Health worker shortage and maldistribution are among the biggest threats to health systems in Africa. New medical graduates are prime targets for recruitment to deprived rural areas. However, little research has been done to determine the influence of workers' background and future plans on their preference for rural practice incentives and characteristics. The purpose of this study was to identify determinants of preference for rural job characteristics among fourth year medical students in Ghana. We asked fourth-year Ghanaian medical students to rank the importance of rural practice attributes including salary, infrastructure, management style, and contract length in considering future jobs. We used bivariate and multivariate ordinal logistic regression to estimate the association between attribute valuation and students' socio-demographic background, educational experience, and future career plans. Of 310 eligible fourth year medical students, complete data was available for 302 students (97%). Students considering emigration ranked salary as more important than students not considering emigration, while students with rural living experience ranked salary as less important than those with no rural experience. Students willing to work in a rural area ranked infrastructure as more important than students who were unwilling, while female students ranked infrastructure as less important than male students. Students who were willing to work in a rural area ranked management style as a more important rural practice attribute than those who were unwilling to work in a rural area. Students studying in Kumasi ranked contract length as more important than those in Accra, while international students ranked contract length as less important than Ghanaian students. Interventions to improve rural practice conditions are likely to be more persuasive than salary incentives to Ghanaian medical students who are willing to work in rural environments a priori. Policy experiments

  15. For money or service? a cross-sectional survey of preference for financial versus non-financial rural practice characteristics among ghanaian medical students

    Directory of Open Access Journals (Sweden)

    Johnson Jennifer C

    2011-11-01

    Full Text Available Abstract Background Health worker shortage and maldistribution are among the biggest threats to health systems in Africa. New medical graduates are prime targets for recruitment to deprived rural areas. However, little research has been done to determine the influence of workers' background and future plans on their preference for rural practice incentives and characteristics. The purpose of this study was to identify determinants of preference for rural job characteristics among fourth year medical students in Ghana. Methods We asked fourth-year Ghanaian medical students to rank the importance of rural practice attributes including salary, infrastructure, management style, and contract length in considering future jobs. We used bivariate and multivariate ordinal logistic regression to estimate the association between attribute valuation and students' socio-demographic background, educational experience, and future career plans. Results Of 310 eligible fourth year medical students, complete data was available for 302 students (97%. Students considering emigration ranked salary as more important than students not considering emigration, while students with rural living experience ranked salary as less important than those with no rural experience. Students willing to work in a rural area ranked infrastructure as more important than students who were unwilling, while female students ranked infrastructure as less important than male students. Students who were willing to work in a rural area ranked management style as a more important rural practice attribute than those who were unwilling to work in a rural area. Students studying in Kumasi ranked contract length as more important than those in Accra, while international students ranked contract length as less important than Ghanaian students. Conclusions Interventions to improve rural practice conditions are likely to be more persuasive than salary incentives to Ghanaian medical students who are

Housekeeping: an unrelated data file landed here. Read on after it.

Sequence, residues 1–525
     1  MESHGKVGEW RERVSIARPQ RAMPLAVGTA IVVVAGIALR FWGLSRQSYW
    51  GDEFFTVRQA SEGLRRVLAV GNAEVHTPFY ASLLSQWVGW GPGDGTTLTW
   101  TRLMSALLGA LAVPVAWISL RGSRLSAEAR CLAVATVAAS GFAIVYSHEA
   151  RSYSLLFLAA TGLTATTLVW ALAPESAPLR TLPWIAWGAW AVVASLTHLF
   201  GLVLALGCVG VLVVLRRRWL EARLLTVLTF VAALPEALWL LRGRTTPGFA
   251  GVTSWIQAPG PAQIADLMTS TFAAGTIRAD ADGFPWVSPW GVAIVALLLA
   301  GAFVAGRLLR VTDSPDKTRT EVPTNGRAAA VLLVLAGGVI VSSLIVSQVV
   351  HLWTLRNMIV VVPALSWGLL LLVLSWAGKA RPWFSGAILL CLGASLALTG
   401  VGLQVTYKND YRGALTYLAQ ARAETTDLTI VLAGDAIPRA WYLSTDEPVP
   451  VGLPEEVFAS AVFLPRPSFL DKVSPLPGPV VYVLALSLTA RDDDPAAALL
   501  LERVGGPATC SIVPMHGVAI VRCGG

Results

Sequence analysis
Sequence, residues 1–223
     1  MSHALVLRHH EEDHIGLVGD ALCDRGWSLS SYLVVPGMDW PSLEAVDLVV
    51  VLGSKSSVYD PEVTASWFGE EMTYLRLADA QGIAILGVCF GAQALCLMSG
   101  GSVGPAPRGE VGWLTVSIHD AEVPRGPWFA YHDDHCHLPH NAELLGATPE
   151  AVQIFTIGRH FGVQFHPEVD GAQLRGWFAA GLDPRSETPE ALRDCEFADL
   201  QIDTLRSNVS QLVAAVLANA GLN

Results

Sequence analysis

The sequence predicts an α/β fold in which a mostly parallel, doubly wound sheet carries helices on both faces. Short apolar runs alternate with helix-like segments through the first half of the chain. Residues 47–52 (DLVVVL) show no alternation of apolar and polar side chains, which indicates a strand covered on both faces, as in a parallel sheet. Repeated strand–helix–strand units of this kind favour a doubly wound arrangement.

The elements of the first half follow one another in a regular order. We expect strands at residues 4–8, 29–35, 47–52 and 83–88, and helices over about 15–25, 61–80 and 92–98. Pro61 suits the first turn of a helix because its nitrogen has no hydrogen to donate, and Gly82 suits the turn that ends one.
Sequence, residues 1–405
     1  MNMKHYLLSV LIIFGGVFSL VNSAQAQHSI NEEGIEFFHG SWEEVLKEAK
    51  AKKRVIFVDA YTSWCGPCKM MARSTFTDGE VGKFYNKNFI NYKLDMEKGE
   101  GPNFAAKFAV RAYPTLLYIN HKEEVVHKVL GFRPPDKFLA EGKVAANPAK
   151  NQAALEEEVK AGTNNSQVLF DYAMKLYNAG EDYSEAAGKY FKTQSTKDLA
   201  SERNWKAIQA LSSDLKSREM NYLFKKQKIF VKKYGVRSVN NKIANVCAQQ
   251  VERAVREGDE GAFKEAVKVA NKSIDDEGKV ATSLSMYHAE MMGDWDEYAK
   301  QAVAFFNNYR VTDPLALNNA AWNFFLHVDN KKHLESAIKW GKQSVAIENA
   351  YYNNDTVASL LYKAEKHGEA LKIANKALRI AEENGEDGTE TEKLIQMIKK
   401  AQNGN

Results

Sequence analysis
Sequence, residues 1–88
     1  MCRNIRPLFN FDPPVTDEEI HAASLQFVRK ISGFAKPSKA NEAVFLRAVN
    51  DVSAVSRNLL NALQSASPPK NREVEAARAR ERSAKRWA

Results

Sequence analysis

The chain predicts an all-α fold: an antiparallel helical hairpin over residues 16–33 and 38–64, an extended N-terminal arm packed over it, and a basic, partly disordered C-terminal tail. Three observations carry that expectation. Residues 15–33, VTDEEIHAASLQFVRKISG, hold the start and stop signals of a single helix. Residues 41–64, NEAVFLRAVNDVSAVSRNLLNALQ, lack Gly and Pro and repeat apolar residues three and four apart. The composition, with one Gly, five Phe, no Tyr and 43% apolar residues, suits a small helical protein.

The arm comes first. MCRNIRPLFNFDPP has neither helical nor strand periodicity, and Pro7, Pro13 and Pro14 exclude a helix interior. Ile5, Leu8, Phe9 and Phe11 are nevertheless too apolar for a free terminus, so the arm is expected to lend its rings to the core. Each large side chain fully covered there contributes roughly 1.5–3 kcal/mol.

16. B-cell responses to pregnancy-restricted and -unrestricted Plasmodium falciparum erythrocyte membrane protein 1 antigens in Ghanaian women naturally exposed to malaria parasites

    DEFF Research Database (Denmark)

    Ampomah, Paulina; Stevenson, Liz; Ofori, Michael F

    2014-01-01

    -linked immunosorbent assay (ELISA) and memory B-cell frequencies by enzyme-linked immunosorbent spot (ELISPOT) assay in a cohort of P. falciparum-exposed nonpregnant Ghanaian women. The antigens used were a VAR2CSA-type PfEMP1 (IT4VAR04) with expression restricted to parasites infecting the placenta, as well as two...... commonly recognized PfEMP1 proteins (HB3VAR06 and IT4VAR60) implicated in rosetting and not pregnancy restricted. This enabled, for the first time, a direct comparison in the same individuals of immune responses specific for a clinically important parasite antigen expressed only during well-defined periods...